Like other mill communities located along the rivers of Northern New England, Waterville was once a textile center, its mills occupying prime real estate along the waterfront. During the first part of the 19th century, C.F. Hathaway saw that Waterville’s surrounding farming communities were a source of cheap labor. That and the loyalty of a workforce that was 95 percent female, kept America’s oldest men’s shirtmaker humming along after others had closed. Then, at the dawn of the 21st century, a globalized economy and the lure of even cheaper offshore labor deemed Waterville’s workforce and average hourly wages of $7.50 too costly for maximizing profits. The Warnaco Group, Inc., the company the bought it to squeeze out the last remaining profits, tried closing the factory in 1996. A group of investors was secured by then Maine governor, John McKernan, managing to limp along until closing for good in 2001, after 165 years.
Nate Rudy, the newly-hired executive director of Waterville Creates!, a downtown-based nonprofit focused on facilitating closer collaboration among the city’s arts groups, is bullish about the role of arts and culture in reviving downtown Waterville. He also touched on national trends and demographics that are once again viewing urban space and walkability in a favorable light. Millennials in particular want places where they can live and work in close proximity to one another.
“After World War II, people were looking to get as far away as possible from those dense neighborhoods that they grew up in,” said Rudy.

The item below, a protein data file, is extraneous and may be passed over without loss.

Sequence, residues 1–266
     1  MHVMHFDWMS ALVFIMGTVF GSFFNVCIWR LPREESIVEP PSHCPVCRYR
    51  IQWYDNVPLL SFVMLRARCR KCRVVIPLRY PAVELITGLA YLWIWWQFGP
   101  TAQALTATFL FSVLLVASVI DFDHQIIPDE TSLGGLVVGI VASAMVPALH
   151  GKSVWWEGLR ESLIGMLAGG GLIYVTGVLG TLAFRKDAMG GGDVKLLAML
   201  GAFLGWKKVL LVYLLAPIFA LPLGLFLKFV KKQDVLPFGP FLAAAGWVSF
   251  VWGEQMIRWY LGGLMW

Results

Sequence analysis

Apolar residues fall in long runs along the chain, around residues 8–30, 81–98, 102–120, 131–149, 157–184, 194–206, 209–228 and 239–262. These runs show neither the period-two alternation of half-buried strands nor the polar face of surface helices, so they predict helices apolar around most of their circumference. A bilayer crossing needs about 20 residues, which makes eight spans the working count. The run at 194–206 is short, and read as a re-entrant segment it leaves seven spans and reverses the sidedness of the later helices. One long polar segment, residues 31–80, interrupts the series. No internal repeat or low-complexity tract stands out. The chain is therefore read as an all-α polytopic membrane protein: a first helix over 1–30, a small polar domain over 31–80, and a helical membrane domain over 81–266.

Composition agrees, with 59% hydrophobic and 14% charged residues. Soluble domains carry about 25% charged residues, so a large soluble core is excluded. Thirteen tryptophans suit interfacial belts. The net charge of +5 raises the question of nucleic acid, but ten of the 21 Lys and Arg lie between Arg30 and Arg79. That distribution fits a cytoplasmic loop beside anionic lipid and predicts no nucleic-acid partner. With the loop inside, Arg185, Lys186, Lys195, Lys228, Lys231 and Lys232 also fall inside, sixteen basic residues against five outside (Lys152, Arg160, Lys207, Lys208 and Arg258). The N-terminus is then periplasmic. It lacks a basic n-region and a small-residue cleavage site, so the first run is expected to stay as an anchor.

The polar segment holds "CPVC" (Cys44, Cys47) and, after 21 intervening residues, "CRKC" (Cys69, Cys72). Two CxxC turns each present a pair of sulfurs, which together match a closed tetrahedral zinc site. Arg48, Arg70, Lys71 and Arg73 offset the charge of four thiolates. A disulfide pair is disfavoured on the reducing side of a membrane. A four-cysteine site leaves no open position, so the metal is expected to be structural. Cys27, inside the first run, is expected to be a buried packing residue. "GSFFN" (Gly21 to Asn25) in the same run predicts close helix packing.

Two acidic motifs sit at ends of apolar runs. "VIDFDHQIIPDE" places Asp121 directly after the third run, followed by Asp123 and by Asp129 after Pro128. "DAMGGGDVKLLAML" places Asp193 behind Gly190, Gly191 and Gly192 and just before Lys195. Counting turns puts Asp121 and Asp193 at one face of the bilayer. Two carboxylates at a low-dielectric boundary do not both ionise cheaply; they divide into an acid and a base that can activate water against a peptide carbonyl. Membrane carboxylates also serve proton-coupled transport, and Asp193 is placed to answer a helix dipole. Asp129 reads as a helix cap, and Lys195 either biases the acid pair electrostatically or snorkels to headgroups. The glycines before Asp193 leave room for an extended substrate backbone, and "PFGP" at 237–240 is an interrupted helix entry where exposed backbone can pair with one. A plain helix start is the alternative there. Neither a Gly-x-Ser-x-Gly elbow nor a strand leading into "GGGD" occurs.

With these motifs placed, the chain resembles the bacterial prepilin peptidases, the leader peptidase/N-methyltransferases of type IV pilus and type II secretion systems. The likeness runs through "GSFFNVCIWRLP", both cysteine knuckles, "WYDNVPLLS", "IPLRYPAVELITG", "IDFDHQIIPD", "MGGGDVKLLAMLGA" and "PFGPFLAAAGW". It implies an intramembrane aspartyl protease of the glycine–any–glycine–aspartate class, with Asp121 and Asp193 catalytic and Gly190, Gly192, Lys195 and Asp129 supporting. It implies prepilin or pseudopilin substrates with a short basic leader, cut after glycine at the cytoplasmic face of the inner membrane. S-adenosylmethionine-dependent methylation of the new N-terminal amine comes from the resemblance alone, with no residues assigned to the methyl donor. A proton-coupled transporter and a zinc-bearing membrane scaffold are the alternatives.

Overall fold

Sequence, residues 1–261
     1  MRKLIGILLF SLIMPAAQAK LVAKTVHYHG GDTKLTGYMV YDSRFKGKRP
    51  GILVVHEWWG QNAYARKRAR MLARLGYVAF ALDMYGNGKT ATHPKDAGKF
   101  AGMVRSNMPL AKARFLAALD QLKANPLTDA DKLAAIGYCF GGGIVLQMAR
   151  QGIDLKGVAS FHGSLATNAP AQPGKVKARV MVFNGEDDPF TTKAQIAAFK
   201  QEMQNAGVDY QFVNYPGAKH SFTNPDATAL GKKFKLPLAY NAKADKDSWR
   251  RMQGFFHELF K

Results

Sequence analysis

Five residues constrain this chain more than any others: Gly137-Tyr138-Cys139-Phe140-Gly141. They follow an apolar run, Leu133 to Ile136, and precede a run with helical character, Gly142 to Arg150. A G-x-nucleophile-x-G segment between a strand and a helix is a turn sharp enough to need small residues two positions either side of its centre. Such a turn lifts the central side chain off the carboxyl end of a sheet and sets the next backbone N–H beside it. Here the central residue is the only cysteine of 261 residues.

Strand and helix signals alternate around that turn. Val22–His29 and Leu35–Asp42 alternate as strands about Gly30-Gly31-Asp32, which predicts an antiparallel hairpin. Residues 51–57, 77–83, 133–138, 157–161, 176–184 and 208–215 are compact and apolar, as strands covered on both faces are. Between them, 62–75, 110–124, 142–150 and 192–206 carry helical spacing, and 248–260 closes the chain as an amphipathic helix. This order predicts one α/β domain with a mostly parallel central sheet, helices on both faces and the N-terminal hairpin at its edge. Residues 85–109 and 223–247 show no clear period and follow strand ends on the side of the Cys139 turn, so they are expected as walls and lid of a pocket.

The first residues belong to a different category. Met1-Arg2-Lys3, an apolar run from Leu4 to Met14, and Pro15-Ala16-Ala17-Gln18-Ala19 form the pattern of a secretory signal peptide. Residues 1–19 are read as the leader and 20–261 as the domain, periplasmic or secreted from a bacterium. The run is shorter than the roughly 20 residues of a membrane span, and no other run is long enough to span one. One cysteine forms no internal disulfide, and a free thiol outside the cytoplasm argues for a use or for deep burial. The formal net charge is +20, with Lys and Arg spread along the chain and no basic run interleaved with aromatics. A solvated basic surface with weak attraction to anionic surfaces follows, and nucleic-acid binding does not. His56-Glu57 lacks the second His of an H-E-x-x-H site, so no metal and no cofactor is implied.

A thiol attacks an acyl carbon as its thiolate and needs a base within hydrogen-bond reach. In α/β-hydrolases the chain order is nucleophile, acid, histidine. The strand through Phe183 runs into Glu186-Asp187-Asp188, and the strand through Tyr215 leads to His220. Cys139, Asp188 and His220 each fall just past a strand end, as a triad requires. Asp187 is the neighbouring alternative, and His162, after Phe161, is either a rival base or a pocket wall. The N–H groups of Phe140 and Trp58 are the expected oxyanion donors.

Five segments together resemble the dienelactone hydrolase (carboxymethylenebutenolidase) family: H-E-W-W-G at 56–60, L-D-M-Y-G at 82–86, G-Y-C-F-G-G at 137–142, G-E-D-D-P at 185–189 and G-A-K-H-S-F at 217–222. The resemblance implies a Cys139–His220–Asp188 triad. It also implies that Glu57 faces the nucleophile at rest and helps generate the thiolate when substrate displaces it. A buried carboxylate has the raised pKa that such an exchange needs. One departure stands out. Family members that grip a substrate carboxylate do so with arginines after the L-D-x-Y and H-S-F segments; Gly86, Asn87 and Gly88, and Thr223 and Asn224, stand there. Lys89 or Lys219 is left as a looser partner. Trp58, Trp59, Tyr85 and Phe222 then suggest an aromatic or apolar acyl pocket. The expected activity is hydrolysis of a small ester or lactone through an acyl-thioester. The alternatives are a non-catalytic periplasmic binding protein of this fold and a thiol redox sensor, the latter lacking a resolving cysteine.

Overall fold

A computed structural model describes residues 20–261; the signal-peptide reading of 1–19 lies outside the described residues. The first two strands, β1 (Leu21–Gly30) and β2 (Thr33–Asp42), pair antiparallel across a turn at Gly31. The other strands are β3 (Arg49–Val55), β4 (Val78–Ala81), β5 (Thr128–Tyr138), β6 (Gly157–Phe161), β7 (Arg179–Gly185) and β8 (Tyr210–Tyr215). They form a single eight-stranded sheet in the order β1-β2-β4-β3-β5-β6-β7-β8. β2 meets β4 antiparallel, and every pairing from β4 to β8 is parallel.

Rudy arrives at this new role in Waterville after serving for nearly four years as Gardiner’s economic and community development director. Waterville Creates! gathers a diverse mix of arts and community groups in Waterville, and across the Kennebec Valley region. The new organization was formed under the umbrella of the Waterville Regional Arts and Community Center (WRACC), a nonprofit group that owns The Center building at 93 Main Street, in what was once the former Sterns Department Store. Rudy, indicating that this a re-branding of sorts, also recognizes the importance of partnering more intentionally in Waterville.
“Technically, we are still the Waterville Regional Arts and Community Center—doing business as Waterville Creates!—so there’s no real change there,” Rudy said. “However, arts and culture have the potential to be a community and economic driver for the City of Waterville and the Kennebec Valley. The role of Waterville Creates! will be to promote the existing arts and cultural resources and organizations who are part of this community.”
Jennifer Olsen, director for Waterville Main Street, serves on the Waterville Creates! board. She is excited about this new emphasis on arts and culture, and the push to bring even greater vitality to the Main Street business district at the heart of Waterville’s downtown.
“I think Nate’s economic development background, as well as his passion for the arts make him an ideal fit for this new position,” said Olsen.
Waterville Main Street is a partner organization of Waterville Creates!. Their role since 2001, when the city was designated a Main Street Maine community, has been to advance efforts in developing downtown into a thriving and energetic commercial hub, centered on social, cultural and entertainment destinations.
“Waterville has some wonderful assets and arts infrastructure,” said Olsen. “We have the Opera House, as well as the influence and role that Colby (College) plays in promoting the arts,” she said.
Olsen mentioned that Waterville serves as a regional downtown, drawing people from across the river in Winslow, as well as from surrounding communities. She sees the city’s potential as a destination for historic architecture, with events like the Maine International Film Festival, entering its 17th year, and potential to expend the arts and cultural activities spearheaded by Waterville Creates!.